TEHRAN, Young Journalists Club (YJC) - The country has currently 400 MW of renewable capacity in place but it has signed a raft of agreements, mostly with European companies, to produce more green energy.
“With the installation of new solar and wind power plants and the private sector’s investment, this capacity will increase to 1,000 megawatts from next year,” Homayoun Haeri was quoted as saying Wednesday.
“Iran is a country with sufficient sun and wind, where it should be able to generate 1,000 MW of solar and wind power a year and increase this capacity every year,” he added.
Iran is the most advanced in its development of renewable energy in the Middle East, mostly due to its past investments in hydropower schemes. Over the past few years, there has been a push to establish other greener capacities ranging from wind power to solar farms and burning biomass and waste to heat homes.
Home to some of the world’s largest oil and gas resources, Iran has been working to reduce the use of fossil fuels which are taking a heavy toll on its environment. However, the main motivation is likely economic.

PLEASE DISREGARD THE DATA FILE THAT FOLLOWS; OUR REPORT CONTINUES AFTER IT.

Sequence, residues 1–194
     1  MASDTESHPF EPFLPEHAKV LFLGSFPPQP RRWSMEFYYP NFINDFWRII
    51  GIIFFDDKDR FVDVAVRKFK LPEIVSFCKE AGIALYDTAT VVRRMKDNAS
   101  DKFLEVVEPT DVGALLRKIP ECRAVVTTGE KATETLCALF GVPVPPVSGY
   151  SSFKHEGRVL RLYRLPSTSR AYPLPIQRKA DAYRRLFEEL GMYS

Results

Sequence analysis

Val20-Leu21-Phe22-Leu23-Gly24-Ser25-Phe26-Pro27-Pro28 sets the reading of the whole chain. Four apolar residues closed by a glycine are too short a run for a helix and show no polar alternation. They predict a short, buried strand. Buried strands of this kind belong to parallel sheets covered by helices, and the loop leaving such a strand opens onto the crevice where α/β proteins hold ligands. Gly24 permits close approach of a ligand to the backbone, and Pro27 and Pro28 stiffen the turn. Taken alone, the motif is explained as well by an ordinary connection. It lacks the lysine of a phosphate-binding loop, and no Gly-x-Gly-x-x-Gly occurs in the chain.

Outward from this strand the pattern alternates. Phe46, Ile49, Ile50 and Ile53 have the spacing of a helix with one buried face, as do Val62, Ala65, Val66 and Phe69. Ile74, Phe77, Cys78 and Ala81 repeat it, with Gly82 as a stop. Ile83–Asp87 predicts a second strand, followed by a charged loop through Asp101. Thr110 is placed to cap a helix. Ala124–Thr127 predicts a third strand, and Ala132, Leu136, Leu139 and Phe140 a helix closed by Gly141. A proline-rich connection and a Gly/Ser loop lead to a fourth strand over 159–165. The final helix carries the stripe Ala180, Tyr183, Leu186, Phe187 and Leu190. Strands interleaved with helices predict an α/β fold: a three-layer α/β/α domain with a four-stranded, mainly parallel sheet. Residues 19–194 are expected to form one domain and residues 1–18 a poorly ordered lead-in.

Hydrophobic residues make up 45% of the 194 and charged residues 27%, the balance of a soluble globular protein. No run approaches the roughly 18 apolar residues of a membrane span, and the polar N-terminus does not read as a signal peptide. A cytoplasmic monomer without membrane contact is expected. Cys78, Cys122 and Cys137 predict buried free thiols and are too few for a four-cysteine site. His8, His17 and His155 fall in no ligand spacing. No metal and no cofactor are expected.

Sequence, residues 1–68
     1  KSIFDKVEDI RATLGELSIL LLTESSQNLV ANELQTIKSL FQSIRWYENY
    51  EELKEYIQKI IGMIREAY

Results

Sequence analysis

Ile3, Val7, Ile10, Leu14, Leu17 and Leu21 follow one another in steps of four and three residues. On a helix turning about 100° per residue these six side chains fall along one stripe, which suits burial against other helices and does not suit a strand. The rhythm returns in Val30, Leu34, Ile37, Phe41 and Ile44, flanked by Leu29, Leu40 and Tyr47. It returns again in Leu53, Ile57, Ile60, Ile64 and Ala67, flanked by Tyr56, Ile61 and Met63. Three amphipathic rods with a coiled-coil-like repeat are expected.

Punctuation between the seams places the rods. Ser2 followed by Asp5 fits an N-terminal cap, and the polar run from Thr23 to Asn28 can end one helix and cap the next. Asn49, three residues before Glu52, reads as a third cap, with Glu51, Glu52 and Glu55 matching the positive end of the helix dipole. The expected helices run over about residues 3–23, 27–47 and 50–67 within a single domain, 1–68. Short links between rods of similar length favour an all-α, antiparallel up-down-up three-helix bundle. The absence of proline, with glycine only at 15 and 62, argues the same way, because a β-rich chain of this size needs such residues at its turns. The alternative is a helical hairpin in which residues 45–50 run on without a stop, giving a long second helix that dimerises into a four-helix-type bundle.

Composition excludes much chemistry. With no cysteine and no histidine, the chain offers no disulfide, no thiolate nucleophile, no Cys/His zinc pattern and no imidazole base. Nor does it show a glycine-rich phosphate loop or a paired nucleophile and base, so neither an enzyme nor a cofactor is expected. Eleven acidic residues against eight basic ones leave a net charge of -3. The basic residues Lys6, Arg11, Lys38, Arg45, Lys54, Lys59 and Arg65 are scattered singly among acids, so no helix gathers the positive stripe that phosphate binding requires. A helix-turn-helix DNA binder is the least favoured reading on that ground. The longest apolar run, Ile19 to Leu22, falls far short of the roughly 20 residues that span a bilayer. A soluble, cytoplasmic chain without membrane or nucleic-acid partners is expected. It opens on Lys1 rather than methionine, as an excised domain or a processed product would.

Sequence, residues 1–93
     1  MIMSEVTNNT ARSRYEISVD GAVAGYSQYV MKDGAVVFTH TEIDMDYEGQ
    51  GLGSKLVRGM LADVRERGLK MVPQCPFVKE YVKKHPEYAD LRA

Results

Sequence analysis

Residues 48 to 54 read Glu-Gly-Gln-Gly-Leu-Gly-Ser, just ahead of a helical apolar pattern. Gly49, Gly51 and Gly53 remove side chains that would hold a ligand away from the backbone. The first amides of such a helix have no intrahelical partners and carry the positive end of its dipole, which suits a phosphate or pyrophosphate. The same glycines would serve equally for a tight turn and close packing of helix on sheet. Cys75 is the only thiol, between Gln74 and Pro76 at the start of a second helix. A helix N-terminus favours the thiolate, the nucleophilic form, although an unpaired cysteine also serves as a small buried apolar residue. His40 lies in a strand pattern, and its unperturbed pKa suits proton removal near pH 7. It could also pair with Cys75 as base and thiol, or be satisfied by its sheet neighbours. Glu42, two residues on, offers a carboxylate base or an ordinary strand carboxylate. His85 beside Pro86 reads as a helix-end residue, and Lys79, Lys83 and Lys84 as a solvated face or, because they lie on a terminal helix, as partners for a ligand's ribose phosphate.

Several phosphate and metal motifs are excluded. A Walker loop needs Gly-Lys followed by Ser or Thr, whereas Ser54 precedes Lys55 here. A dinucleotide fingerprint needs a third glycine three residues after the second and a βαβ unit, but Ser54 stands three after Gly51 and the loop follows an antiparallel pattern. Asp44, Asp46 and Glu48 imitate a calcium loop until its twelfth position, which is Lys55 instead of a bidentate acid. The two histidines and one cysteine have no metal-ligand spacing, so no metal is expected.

Subsidized oil and gas for a population of more than 80 million is making the cost of fossil fuels prohibitively expensive. Recent scattered protests in some cities came following reports that the government planned to raise gas prices.
Besides, the less oil consumed at home will release more oil and gas for exports – a target which the government is earnestly pushing for.
As a result, solar plants are already sprouting up across the desert in Iran’s east and south.
Last October, Norway’s Saga Energy clinched the largest deal to date worth 2.5 billion-euro ($2.9 billion) for construction of 2,000 MW of power generation capacity in Iran.
UK renewables investor Quercus signed another deal worth over half a billion euros in September to build and operate a 600 MW solar farm in Iran.
Dutch energy firm Global Renewables Investments (GRI) is about to build up solar and wind farms that could produce up to 1,700 MW of electricity while German, Italian and Greek companies are advancing their own renewable schemes.
“The capacity of Iran’s electricity grid is 80,000 MW and we can produce about 20,000 MW of this capacity through wind and solar power, which is attainable in the coming years,” Haeri said.